Swiffer Theory

A guest entry by Carrie.

I feel I need to take the opportunity to share with you all a strange realization I had just this morning while assembling my new Swiffer Wet Jet, a “power mop” I asked my mate to purchase for me to ease the terrible burden of mopping 1500 sq. ft. of bare floor. I am fully willing to admit that this division of labor (me mopping the floor and Jon purchasing the mop for me) is gendered in the utmost of traditional ways. For some reason, which I prefer not to examine too closely, it feels better to me that I received this mop as a “gift” rather than purchasing it for myself. I think Jon’s purchase of the mop makes it seem to me that my mopping labour [editor’s note: she is already internalizing Canadian spellings!] is getting more recognition than I might otherwise perceive if I bought the damn thing. There’s a definite psychology to the gendered reality of domestic home engineering. Just to be clear: Jon vacuums all of the floors before I mop — the gendered division is a really a sub-division of various kinds of cleaning tasks. They still suck, though.

In any event, the gendered conditions of the mop’s purchase and use are not nearly as interesting as the creepy design of the device. After a mere ten minutes assembling the mop and gazing at it rather quizzically, I’ve decided that this device has distilled the fundamental technological tools of women’s reproductive systems and cycles into a plastic and aluminum “power mop.” Let me explain. The mop’s key feature is that it doesn’t require you to use a pail of soapy water: cleaning solution and everything are contained within the mop unit itself. It’s truly an all-in-one device. As I opened the package of thin, wafer-like papery mop heads that the mop user is supposed to just stick the grippy, rubbery strips on the mop head itself, I realized that these mop heads are simply enlarged sanitary napkins, also known as menstrual pads. For those of you reading this blog entry who are familiar with different brands of sanitary napkins, the material on the mop head that comes into contact with the floor is the same material that covers Always brand “dri-weave” menstrual pads. The back side of the mop pad uses that wispy, slightly adhesive feeling lighter plastic fiber material that often covers the back side, and/or sides, or older or off-brands of maxi-pad: that material that never quite sticks to the filling of the menstrual pad, and ends up being really uncomfortable and kind of shifty in the pants, or gets caught up in the folds of feminine flesh. The mop pad even has something resembling “wings,” but there’s nothing to stick them to. I don’t fully know how to explain my reaction to the realization that I was putting a menstrual pad-like mop head on my new mop, except that I have been marveling in the mop makers’ re-appropriation of the unique textile and fiber construction of menstrual pads and baby diapers.

The mop’s gendered re-construction of the female reproductive system doesn’t stop with its re-appropriation of the menstrual pad. It also re-purposes the design of the baby bottle, and in particular, the rubber nipple, in its design of the made-for-the-Swiffer-Wet-Jet cleaning solution bottles. The bottles attach directly to the mop, and are applied by sliding the bottle, with its flat rubber nipple cap, arrow side down into the sharp looking cleaning-bottle mop seat. The assembly directions detail in clear warning-label language not to put your bare hands into the parts where the bottle goes because of the device’s sharp, yet mostly hidden parts. I really don’t see anything that looks even remotely sharp on this part of the device. But like a young infant with newly emerged sharp little teeth, the Swiffer Wet Jet can bite your unsuspecting soft parts and draw blood. After I slide the bottle in upside down, the mop appears ready to go (I also had to add 4 AA batteries — this is a “power” mop).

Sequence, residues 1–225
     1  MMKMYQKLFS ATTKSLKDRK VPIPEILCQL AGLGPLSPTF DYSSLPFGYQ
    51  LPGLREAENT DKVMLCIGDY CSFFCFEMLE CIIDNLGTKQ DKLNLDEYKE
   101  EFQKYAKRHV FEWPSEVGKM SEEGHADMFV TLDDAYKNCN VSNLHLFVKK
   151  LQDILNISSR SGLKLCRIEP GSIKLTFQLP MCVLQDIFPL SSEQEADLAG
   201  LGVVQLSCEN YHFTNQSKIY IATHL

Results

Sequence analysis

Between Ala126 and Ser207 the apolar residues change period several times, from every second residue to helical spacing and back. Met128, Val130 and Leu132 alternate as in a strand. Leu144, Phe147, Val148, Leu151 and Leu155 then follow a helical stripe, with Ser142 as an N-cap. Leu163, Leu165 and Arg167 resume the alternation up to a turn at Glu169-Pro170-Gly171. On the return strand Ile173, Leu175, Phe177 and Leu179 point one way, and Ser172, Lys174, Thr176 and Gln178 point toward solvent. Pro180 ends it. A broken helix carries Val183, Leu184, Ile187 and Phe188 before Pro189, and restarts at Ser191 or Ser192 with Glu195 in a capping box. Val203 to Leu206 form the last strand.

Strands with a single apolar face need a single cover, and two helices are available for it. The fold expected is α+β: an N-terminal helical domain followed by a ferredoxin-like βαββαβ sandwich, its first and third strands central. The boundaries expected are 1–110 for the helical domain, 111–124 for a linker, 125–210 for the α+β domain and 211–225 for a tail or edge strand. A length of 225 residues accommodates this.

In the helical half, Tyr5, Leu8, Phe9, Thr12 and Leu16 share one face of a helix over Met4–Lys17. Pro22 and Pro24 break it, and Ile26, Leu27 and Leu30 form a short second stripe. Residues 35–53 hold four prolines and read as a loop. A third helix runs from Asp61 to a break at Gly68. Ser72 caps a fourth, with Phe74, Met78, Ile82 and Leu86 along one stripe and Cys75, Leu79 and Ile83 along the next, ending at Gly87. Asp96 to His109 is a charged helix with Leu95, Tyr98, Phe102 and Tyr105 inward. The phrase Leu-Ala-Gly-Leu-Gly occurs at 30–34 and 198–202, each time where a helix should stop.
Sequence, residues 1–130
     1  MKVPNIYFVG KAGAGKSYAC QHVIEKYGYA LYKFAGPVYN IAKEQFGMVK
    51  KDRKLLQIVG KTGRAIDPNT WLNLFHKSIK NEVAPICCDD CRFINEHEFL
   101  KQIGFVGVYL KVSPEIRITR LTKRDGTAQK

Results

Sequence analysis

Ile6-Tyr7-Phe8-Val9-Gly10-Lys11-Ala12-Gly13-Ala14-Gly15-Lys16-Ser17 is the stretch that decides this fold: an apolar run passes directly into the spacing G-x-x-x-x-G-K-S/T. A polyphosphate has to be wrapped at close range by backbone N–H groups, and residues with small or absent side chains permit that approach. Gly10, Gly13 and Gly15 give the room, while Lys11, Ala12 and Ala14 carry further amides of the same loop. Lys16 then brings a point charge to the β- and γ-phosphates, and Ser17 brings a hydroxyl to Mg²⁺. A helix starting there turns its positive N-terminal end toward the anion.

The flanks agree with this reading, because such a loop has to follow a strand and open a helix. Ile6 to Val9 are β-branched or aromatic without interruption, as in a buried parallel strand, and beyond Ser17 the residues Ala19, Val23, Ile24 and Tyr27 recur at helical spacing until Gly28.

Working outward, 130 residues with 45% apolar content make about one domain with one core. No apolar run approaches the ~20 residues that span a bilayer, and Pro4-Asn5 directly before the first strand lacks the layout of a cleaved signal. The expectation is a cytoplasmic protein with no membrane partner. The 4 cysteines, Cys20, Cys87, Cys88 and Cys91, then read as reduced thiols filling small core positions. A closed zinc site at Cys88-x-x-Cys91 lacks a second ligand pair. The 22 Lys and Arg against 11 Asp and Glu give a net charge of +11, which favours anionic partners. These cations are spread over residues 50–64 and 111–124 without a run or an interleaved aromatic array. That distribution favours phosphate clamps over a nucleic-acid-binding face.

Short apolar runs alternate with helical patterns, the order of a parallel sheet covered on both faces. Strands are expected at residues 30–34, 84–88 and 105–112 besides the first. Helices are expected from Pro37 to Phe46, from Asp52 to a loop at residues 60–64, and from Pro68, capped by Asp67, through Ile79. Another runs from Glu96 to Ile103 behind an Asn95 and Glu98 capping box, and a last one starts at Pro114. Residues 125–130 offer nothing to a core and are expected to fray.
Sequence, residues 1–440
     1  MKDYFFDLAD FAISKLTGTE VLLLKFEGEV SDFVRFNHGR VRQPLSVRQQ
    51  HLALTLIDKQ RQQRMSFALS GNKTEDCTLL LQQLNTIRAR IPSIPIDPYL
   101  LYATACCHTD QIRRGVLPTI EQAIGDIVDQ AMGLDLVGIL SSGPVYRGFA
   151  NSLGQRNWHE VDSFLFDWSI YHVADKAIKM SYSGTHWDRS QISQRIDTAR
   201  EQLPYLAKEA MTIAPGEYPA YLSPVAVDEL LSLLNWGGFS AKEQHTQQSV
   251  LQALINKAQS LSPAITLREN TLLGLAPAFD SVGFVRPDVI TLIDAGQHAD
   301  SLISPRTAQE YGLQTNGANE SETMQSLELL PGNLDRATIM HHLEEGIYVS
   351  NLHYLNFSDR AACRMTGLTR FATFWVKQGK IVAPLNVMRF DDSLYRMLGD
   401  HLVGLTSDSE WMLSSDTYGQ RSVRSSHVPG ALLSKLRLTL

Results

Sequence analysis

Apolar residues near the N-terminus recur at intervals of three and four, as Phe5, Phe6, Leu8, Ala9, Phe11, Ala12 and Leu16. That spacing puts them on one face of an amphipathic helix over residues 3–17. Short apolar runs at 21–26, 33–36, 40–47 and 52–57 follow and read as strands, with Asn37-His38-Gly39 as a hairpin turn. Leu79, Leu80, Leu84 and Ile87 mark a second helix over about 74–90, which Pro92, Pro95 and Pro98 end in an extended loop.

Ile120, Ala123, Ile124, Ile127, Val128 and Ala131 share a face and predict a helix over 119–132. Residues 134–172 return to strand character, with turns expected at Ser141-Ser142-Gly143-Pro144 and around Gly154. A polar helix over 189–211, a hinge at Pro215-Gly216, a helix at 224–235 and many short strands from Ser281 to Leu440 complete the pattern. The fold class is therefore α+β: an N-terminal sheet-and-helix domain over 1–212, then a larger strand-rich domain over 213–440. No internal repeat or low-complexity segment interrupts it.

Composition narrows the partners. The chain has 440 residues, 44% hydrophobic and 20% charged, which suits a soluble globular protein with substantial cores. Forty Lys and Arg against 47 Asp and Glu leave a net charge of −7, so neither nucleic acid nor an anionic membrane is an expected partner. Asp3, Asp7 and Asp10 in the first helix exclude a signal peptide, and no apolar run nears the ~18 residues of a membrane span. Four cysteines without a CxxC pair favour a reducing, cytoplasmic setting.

What does this mop say about gender and reproduction, and the merging of domestic cleaning technologies and throw-away products like plastic menstrual pads and rubber nipples? What do I make of the fact that my mop sprays its precious cleaning fluid in a half-moon pattern onto the dirty floor? I feel a kind of familiar connection to this mop, because I’ve seen all of its parts before. At the moment, I simply marvel at the ways my Swiffer Wet Jet recycles menstrual pad technology and the old stand by, rubber nipples. We’ll have to see how it works.

Editor’s note: after mopping the dining room and kitchen floors, she said the mop “fucking rocks.”

5 replies on “Swiffer Theory”

  1. Hahahahaha! The best part about this is that I can totally see Carrie saying both, \”The still suck, though\” and \”fucking rocks.\” Wonderful!

  2. \”thin, wafer-like papery mopheads\” is the best phrase I have read all day, definitely. maybe it is the best phrase ever written. I have two swiffers, an extra big swiffer max and a regular one, and use both wet and dry heads, but don\’t have a power deal on it. I don\’t have that much wood floor, though I aspire to. the rest of the house makes do with the dyson vacuum cleaner, an appliance that needs a semiotic reading of its own. if I can get this damn book done it would be a good project. I have a brilliant friend who claims that the biore pore strip is just liike that vacuum in terms of the gratfiications it provides. zor, do you have any interest in writing on the biore pore strip? I think you should.

    LisaN

  3. I love my swiffer, too, although it does not effeciently remove cat barf from hardwood floors.

    Also, sanitary napkins make fantastic field bandages.

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